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Women’s History Month calls attention to barriers to entry in sports

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Odicci Alexander turned pro after a dominant softball career at James Madison. (Courtesy of Under Armour)

Today is the beginning of Women’s History Month, dedicated to highlighting women’s contributions to modern society. With that, we want to shine a spotlight on women who’ve helped increase opportunities and broken down institutional barriers for female athletes.

Before we get to honoring these exceptional female athletes, we want to acknowledge that while great strides have been made, the fight continues for equal access. Luckily, we are seeing large initiatives from leaders and brands. Under Armour, for instance, is increasing offerings for women’s sports through their grassroots program, UA Next, as well as creating footwear innovations that will improve performance for female athletes.

These initiatives might very well lead to more girls and women participating in sports and becoming the heroes of the next generation. Here’s a look at three women who’ve made it to the top despite a lack of access on their respective paths.

Lindsey Vonn won three Olympic medals and four World Cup overall titles during her career. (FRANCOIS XAVIER MARIT/AFP via Getty Images)

Lindsey Vonn

Vonn grew up in Minnesota, but at a young age began taking trips to Vail, Colo. to perfect her craft as an aspiring skier.

Eventually, Vonn’s whole family moved to Colorado to accommodate her training schedule, and she turned into an international phenomenon. In 2010, Vonn won an Olympic gold medal, but her success did not come without heartache. The family’s move meant all of Vonn’s siblings had to leave behind their friends, leaving her with a sharp sense of guilt.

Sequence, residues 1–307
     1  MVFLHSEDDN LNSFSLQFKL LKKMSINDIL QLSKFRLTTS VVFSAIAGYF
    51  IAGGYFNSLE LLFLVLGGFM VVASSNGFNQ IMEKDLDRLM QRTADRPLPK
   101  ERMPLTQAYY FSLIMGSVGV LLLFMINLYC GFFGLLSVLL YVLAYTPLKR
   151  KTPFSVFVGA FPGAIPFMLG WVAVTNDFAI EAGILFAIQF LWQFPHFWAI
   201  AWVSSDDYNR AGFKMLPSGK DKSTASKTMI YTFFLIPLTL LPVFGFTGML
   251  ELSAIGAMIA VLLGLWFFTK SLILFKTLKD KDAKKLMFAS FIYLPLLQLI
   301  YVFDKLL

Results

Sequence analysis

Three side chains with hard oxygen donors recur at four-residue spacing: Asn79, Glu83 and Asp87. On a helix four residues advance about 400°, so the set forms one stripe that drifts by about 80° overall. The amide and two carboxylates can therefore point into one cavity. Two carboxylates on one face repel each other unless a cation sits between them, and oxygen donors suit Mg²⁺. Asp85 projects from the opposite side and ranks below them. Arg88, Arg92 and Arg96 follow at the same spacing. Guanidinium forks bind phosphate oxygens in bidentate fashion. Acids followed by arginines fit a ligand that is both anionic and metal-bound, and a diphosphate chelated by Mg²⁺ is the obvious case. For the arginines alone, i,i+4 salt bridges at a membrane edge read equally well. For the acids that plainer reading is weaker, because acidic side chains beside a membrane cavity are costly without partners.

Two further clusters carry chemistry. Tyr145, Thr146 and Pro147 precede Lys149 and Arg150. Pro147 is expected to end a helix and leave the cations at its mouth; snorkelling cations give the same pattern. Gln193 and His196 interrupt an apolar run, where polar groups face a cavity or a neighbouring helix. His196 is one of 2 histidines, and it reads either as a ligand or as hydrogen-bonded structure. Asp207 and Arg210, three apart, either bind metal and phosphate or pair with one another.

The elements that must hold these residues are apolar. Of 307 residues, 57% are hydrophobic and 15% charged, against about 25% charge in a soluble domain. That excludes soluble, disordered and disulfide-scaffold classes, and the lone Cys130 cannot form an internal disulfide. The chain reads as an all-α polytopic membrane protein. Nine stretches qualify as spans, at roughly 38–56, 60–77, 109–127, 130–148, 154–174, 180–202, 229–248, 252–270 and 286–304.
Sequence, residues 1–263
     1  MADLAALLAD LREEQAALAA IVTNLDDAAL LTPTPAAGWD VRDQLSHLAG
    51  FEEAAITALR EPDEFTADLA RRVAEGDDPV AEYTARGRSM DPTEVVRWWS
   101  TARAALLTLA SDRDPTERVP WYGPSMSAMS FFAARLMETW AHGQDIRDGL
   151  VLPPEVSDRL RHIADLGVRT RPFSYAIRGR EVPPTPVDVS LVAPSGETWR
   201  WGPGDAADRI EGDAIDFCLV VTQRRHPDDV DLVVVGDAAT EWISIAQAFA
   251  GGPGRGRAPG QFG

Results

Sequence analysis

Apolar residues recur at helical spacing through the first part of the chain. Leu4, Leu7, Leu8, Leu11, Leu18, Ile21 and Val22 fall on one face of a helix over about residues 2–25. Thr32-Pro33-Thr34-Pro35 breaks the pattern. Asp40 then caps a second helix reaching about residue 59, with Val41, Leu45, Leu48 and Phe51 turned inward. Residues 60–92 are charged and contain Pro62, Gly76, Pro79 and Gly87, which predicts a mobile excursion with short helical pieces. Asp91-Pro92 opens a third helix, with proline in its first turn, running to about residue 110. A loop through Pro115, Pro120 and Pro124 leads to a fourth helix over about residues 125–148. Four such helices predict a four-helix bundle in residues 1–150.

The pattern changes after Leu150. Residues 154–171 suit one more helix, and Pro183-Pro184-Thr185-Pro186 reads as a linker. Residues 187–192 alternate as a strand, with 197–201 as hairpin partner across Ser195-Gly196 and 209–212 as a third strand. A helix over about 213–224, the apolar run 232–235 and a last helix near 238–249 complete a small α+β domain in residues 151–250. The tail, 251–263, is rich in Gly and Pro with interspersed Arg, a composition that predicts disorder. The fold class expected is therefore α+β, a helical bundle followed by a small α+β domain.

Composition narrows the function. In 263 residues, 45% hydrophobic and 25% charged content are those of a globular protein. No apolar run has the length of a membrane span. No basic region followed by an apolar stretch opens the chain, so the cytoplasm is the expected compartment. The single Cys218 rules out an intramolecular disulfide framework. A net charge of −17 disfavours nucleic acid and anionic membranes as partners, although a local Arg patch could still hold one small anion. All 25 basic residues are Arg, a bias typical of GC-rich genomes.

With more access to skiing in the Midwest, Vonn’s family likely wouldn’t have had to uproot their lives — and she might’ve still been an Olympic champion.

Odicci Alexander

Alexander was raised in small-town Boydtown, Va., and without access to formal training, she taught herself how to pitch by spray-painting strike zones on her grandparents’ water wells.

She was only discovered as a college prospect when a James Madison coach came to town to scout an opposing player. That coach offered her a scholarship, and Alexander went on to become a dominant force for the Dukes.

Alexander has grown into one of the sport’s most high-profile players, having been named Softball America’s Pitcher of the Year, but her ceiling might’ve been even higher had she been exposed to top-class trainers from an early age.

Ty Harris won a national championship at South Carolina before getting drafted into the WNBA. (G Fiume/Maryland Terrapins/Getty Images)

Tyasha Harris

Harris grew up watching her father play pickup basketball and decided she wanted to play the game, too. The local YMCA only offered a boys’ league, however. Harris joined anyway and excelled, and eventually joined a girls’ travel ball team.

The travel ball team helped Harris hone her skills and gain recognition, but required more resources than a local team would have. It was another example of Harris succeeding despite an extra burden.

It wasn’t until Harris got to high school that she immersed herself in the history of the women’s game, learning about legendary South Carolina coach Dawn Staley’s playing career. Harris went on to play for Staley, and after a record-setting college career, she was selected No. 7 overall by the Dallas Wings in the 2020 WNBA Draft.